Swiss Re published their ‘Life and Health Insurance Inclusion Radar’ report recently, exploring what makes different countries’ markets more or less inclusive. They chose three dimensions of inclusivity - availability, accessibility and affordability – and supported each with specific sets of metrics.
I have concerns about some of the underlying data, which I will set out later, but for now, the big questions I have relate to the UK’s performance on this radar.
On availability, it performed very well, sitting in top position alongside the US market. By availability, Swiss Re means “the existence of protection products/plans that adequately meet the range of mortality and morbidity protection needs of society.”
On accessibility the UK performed relatively poorly for an advanced market. By accessibility, Swiss Re means “the places, people and processes deployed to connect available insurance products with the potential buyers.”
On affordability, the UK performed badly, coming last amongst advanced markets by a good measure. It was interesting how many emerging markets did much better. By affordability, Swiss Re means “whether insurance product premium price-points are reasonable within the financial resources of intended buyers and convey fair value.”
I’m going to drill down now into what the UK’s performance tells us about the L&H market here. And I’m going to take a close look at the recommended next steps that Swiss Re proposes. They’re a somewhat hit and miss mix.
The Affordability Puzzle
The obvious puzzle in relation to the UK L&H market is that it scores very high on availability but low on affordability. This tells that the products are there but consumers aren’t, or can’t, or won’t buy them.
Of the three components to affordability, the UK scored well on socio-economic wellbeing but poorly on regulatory incentives / support and market participation (see radar chart below). It was also particularly poor on distribution diversity, which points to distribution being dominated by white, middle aged men.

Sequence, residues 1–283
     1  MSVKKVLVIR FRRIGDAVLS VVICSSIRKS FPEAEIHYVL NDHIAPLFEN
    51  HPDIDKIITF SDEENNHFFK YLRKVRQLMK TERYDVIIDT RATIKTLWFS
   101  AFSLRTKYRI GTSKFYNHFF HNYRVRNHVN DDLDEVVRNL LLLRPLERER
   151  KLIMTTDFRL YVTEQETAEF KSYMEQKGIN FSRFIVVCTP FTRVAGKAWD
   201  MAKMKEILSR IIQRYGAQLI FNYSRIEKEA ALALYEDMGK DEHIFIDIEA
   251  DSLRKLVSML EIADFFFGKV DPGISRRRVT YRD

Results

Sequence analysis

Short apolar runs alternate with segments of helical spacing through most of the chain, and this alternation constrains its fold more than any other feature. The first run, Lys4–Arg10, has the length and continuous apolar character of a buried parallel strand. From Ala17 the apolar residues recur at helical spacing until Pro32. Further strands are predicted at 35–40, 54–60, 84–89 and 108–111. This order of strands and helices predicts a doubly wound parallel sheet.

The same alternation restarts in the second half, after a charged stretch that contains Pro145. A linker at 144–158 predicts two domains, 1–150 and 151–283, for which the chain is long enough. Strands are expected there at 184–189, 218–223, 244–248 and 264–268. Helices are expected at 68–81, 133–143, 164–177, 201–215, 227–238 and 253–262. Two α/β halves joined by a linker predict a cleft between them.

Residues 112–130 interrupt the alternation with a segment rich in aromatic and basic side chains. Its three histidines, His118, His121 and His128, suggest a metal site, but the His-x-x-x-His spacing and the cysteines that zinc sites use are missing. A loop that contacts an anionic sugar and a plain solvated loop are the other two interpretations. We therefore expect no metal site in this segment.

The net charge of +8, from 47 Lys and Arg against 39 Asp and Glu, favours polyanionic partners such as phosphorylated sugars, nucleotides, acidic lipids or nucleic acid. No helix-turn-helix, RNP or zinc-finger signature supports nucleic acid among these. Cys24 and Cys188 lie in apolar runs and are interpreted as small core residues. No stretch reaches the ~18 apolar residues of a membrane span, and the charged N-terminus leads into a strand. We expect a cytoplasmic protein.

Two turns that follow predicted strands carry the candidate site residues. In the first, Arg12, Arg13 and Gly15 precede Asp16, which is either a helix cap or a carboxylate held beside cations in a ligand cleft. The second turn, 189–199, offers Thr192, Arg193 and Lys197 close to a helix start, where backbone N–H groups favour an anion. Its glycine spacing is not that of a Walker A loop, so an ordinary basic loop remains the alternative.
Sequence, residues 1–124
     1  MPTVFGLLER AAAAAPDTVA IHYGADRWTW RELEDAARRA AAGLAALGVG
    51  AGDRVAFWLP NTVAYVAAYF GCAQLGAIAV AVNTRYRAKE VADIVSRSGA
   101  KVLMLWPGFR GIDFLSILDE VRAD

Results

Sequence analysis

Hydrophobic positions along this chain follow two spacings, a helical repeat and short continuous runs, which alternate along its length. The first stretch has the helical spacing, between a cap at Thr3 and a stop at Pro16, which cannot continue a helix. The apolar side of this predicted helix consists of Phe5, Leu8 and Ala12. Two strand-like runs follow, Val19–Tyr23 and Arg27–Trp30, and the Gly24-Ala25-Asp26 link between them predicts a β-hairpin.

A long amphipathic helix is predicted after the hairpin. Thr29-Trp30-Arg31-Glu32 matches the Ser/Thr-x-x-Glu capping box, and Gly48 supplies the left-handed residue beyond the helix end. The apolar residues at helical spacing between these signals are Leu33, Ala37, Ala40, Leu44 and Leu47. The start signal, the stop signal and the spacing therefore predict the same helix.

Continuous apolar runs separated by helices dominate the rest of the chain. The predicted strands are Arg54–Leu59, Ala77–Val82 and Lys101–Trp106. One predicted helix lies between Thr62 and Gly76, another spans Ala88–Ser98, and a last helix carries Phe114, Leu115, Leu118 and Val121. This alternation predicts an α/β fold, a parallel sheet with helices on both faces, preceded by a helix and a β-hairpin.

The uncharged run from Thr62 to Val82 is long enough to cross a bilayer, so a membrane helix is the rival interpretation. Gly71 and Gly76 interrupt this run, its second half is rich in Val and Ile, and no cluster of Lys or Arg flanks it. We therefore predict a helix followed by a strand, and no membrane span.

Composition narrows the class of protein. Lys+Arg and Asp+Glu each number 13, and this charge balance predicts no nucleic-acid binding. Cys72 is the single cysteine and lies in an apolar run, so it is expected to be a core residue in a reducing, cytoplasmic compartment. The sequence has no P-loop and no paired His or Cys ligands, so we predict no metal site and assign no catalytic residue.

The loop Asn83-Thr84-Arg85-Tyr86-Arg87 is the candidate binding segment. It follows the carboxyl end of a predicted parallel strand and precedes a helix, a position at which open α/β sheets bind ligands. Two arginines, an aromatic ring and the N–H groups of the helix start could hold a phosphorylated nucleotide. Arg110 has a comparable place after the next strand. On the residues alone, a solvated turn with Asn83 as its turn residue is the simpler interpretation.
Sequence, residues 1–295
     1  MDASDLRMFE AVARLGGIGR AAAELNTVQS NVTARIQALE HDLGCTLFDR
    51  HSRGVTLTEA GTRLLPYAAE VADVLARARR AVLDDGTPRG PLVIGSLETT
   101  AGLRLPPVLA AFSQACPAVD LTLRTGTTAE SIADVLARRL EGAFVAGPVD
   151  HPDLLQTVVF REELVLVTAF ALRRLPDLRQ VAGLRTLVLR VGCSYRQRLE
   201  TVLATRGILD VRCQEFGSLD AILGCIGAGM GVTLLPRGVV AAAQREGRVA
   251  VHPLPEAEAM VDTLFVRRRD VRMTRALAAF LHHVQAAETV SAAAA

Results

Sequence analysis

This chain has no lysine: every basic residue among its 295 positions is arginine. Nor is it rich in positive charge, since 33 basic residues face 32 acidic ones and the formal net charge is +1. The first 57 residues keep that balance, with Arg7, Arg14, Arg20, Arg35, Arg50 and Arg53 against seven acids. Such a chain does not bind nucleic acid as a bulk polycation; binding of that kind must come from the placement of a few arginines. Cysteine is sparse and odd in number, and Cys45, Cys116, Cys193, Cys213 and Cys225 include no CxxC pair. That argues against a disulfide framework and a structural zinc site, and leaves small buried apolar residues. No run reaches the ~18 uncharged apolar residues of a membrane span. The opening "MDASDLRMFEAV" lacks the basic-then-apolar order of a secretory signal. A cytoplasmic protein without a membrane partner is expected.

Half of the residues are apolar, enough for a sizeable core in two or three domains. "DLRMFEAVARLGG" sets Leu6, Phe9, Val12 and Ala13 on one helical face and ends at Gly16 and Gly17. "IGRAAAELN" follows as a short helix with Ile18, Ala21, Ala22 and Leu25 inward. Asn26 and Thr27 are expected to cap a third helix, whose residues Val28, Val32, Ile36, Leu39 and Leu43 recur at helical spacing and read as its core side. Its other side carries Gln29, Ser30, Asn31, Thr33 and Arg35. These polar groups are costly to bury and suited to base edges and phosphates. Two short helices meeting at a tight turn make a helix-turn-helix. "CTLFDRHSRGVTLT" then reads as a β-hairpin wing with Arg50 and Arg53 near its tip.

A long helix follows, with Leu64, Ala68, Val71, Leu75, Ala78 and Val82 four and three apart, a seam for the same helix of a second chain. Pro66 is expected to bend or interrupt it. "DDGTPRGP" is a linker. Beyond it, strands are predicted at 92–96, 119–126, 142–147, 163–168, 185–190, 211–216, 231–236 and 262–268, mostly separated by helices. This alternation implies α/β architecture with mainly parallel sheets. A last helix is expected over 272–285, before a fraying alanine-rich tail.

What this tells us is that we have the expertise, products and market structure, but they’re not being used to increase take-up amongst low income consumers. Is this a consequence of the switch from commission to fee based advice after the FSA’s Retail Distribution Review? Or it is down to the market just preferring to compete for middle to high income consumers rather than seek out low incomes consumers? Is the low score on regulatory incentives / support telling us something about the hurdles faced by the market, or there being just too little innovation irrespective of the hurdles?
It’s a Trust Thing
The other aspect of affordability that stood out for me was about something the Swiss Re writers seem to steer clear of, which is trust. Is it that low income consumers don’t buy from the L&H market because they don’t trust the market? Is this the product not delivering on its promises, or being too complex, or the way in which they are sold?
Trust in the long term market has certainly had its ups and downs. It could well be a hangover from the payment protection insurance scandal but perhaps even the earlier pensions scandal as well. Whatever the reason, it’s clearly a barrier and the market needs to grasp it in order to address it.
It’s Not Always Been This Way
The UK market has not always suffered from these problems. One just has to look back to the emergence and growth of the industrial life market to see how innovation, strategy and distribution can massively increase take up of long term products amongst low income consumers. In fact, the UK was so good at this that the model was widely adopted in other countries.
So just as the market hasn’t always been like this, the future needn’t be either.
Always Look at Sources
It’s always worthwhile with studies like this to dig down into the way in which the data that underpins them has been derived. This quote gives us an overview...
“For each of the three dimensions (availability, accessibility and affordability), we have selected several sub-indicators that we seek to quantify using primary and secondary-sourced data, and analysed these for a sample of 16 countries (five advanced and 11 emerging markets)”